Appellants' opening brief assumes and asserts that the transactions in question were but loans to defendants' corporation (D.F.D. Production), represented by ordinary promissory notes. In his reply brief, however, counsel undertakes to offset the argument of respondents' counsel that plaintiffs' money was taken in a series of sales of corporate securities without a permit therefor. It is to be remembered that a claim of insufficiency of the evidence "requires defendants to demonstrate that there is no substantial evidence to support the challenged findings. As was stated in the oft-cited case of Crawford v. Southern Pac. Co., 3 Cal.2d 427, at page 429 [ 45 P.2d 183]: `. . . the power of the appellate court begins and ends with a determination as to whether there is any substantial evidence, contradicted or uncontradicted,' which will support the findings, and when `two or more inferences can be reasonably deduced from the facts, the reviewing court is without power to substitute its deductions for those of the trial court.'" ( Nichols v. Mitchell, 32 Cal.2d 598, 600 [ 197 P.2d 550].)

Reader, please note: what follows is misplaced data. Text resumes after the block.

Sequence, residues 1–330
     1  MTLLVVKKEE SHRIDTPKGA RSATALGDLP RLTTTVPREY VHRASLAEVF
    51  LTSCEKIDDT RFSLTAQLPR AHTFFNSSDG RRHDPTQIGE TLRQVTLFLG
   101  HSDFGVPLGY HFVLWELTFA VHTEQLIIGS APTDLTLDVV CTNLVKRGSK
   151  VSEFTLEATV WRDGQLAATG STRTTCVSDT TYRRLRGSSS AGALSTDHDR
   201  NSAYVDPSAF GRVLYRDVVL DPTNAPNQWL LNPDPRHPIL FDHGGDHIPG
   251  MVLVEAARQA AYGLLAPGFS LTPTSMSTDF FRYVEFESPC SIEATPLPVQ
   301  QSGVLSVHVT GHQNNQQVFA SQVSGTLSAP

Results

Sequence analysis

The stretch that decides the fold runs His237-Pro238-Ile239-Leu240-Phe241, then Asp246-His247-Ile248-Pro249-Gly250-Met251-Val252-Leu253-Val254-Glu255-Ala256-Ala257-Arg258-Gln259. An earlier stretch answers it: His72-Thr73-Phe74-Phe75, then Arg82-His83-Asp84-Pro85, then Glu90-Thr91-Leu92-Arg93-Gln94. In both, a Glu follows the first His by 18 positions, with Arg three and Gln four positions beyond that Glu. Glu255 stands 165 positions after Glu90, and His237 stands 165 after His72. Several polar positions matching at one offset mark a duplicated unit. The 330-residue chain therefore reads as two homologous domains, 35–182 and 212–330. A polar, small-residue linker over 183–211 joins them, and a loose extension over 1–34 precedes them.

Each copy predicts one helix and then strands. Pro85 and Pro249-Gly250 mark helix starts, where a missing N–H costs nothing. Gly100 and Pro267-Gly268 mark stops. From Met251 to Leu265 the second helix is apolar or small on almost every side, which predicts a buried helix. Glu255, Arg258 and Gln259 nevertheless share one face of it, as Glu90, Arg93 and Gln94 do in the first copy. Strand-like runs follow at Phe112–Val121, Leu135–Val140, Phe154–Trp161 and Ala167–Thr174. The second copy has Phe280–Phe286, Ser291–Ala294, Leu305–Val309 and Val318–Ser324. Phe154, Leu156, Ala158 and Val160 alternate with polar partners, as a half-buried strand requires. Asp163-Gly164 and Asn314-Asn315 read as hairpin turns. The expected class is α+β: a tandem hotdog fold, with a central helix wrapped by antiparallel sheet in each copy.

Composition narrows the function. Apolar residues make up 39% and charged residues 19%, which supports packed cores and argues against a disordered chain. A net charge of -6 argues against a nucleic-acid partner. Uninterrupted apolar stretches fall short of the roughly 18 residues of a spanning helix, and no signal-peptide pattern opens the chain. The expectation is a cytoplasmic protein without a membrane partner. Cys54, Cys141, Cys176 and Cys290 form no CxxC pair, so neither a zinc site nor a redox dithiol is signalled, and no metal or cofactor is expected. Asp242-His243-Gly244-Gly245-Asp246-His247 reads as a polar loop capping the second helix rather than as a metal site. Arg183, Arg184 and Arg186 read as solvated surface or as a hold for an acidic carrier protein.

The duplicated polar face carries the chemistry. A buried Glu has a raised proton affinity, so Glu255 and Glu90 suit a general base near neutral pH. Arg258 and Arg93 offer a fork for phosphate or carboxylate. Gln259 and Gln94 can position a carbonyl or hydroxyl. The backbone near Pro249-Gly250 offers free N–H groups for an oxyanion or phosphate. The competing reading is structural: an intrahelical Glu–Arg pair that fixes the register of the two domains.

[3] The trial judge was free to reject all or any part of the testimony of any witness which did not ring true, and to draw such reasonable inferences favorable to plaintiffs' case as he saw fit. "Unless it clearly appears that upon no hypothesis whatever is there substantial evidence to support a finding of the trier of fact, it cannot be set aside on appeal." ( Murphy v. Ablow, 123 Cal.App.2d 853, 858 [ 268 P.2d 80].) Upon this basis we reconstruct the implied findings presumptively made by the trial court.